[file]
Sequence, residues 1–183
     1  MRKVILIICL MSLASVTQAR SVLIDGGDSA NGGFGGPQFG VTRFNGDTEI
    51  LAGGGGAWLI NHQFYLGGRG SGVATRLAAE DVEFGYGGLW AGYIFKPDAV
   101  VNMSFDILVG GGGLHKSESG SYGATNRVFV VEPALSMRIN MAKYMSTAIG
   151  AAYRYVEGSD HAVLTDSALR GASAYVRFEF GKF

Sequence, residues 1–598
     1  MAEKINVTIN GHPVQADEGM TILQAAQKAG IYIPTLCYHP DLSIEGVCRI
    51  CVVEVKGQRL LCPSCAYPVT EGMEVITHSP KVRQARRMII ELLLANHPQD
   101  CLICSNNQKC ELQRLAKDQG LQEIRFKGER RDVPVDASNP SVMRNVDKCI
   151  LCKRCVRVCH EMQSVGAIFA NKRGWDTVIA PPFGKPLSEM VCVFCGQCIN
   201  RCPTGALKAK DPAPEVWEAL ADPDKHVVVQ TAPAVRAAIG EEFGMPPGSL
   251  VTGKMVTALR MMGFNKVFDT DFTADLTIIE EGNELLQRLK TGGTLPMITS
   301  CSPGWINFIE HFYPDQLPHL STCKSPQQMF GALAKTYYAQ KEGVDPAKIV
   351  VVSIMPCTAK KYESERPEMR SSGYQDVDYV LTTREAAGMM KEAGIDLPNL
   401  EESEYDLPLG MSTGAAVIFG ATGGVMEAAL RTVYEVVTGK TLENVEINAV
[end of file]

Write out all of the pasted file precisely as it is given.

Sequence, residues 1–183
     1  MRKVILIICL MSLASVTQAR SVLIDGGDSA NGGFGGPQFG VTRFNGDTEI
    51  LAGGGGAWLI NHQFYLGGRG SGVATRLAAE DVEFGYGGLW AGYIFKPDAV
   101  VNMSFDILVG GGGLHKSESG SYGATNRVFV VEPALSMRIN MAKYMSTAIG
   151  AAYRYVEGSD HAVLTDSALR GASAYVRFEF GKF

Sequence, residues 1–598
     1  MAEKINVTIN GHPVQADEGM TILQAAQKAG IYIPTLCYHP DLSIEGVCRI
    51  CVVEVKGQRL LCPSCAYPVT EGMEVITHSP KVRQARRMII ELLLANHPQD
   101  CLICSNNQKC ELQRLAKDQG LQEIRFKGER RDVPVDASNP SVMRNVDKCI
   151  LCKRCVRVCH EMQSVGAIFA NKRGWDTVIA PPFGKPLSEM VCVFCGQCIN
   201  RCPTGALKAK DPAPEVWEAL ADPDKHVVVQ TAPAVRAAIG EEFGMPPGSL
   251  VTGKMVTALR MMGFNKVFDT DFTADLTIIE EGNELLQRLK TGGTLPMITS
   301  CSPGWINFIE HFYPDQLPHL STCKSPQQMF GALAKTYYAQ KEGVDPAKIV
   351  VVSIMPCTAK KYESERPEMR SSGYQDVDYV LTTREAAGMM KEAGIDLPNL
   401  EESEYDLPLG MSTGAAVIFG ATGGVMEAAL RTVYEVVTGK TLENVEINAV